The Increasing Use of Compensation Funds
I’ve taught Torts for many years, but I’ve never found a research subject in that area that grabbed my attention. One possibility, though, is the growing trend to create a fund (usually run by Ken Feinberg) to compensate victims of a disaster in exchange for their decision to forego litigation. This was done for 9/11, for the BP oil spill, for the stage collapse at the Indiana State Fair this summer, and for other situations.
There are several interesting features to what is, in essence, an ad-hoc move to a workers-compensation/no fault system for these alleged wrongs. First, why do lawmakers sometimes choose to create a fund and sometimes not? Second, do these funds work well? Third, to what extent does the existence of a fund undermine (at least with a jury) litigation claims by people who refuse to submit their claims to the fund? Fourth, should these funds be converted from a voluntary to a mandatory system?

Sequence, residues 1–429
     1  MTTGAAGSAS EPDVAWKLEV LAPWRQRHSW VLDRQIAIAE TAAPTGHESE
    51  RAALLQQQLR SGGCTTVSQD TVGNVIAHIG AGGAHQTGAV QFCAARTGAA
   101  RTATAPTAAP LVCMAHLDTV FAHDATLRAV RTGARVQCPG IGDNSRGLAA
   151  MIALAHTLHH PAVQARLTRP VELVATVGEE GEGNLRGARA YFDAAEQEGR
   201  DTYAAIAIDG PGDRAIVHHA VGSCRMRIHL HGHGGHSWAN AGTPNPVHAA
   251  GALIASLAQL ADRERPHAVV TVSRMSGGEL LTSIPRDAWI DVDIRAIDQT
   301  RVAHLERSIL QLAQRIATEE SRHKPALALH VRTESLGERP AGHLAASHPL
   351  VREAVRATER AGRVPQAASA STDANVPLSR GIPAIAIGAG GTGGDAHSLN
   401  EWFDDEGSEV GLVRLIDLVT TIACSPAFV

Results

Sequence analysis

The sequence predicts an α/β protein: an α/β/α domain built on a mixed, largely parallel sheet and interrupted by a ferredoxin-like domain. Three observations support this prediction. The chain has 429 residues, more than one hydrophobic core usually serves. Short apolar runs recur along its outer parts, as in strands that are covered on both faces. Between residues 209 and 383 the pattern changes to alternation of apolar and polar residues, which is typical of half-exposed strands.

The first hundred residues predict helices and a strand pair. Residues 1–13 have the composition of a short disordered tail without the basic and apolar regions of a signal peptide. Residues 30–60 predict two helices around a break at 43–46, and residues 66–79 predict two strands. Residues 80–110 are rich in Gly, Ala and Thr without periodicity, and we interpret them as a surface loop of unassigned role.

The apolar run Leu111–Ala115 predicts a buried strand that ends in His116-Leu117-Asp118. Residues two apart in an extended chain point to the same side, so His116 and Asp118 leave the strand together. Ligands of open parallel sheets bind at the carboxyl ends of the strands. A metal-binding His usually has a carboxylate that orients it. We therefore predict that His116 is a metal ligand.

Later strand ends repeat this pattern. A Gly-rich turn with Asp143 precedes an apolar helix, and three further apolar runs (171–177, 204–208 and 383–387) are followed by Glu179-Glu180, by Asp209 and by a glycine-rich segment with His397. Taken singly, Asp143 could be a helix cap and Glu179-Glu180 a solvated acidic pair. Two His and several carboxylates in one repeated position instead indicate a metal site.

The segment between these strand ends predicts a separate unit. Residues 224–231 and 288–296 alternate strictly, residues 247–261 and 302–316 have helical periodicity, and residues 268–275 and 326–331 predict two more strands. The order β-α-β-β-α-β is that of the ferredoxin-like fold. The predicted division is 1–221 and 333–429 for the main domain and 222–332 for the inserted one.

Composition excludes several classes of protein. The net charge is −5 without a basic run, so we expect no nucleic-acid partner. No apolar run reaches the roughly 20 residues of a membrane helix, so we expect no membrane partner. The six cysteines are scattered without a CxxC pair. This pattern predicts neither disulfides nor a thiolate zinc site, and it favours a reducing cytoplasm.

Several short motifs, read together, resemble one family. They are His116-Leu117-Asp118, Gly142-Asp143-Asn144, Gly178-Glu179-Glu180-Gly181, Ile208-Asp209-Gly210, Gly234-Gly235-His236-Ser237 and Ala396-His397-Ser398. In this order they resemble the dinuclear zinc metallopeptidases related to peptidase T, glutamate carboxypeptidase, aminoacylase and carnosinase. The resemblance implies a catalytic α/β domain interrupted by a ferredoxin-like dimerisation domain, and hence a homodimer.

Perhaps someone has written a good article on this development already. If so, please let me know.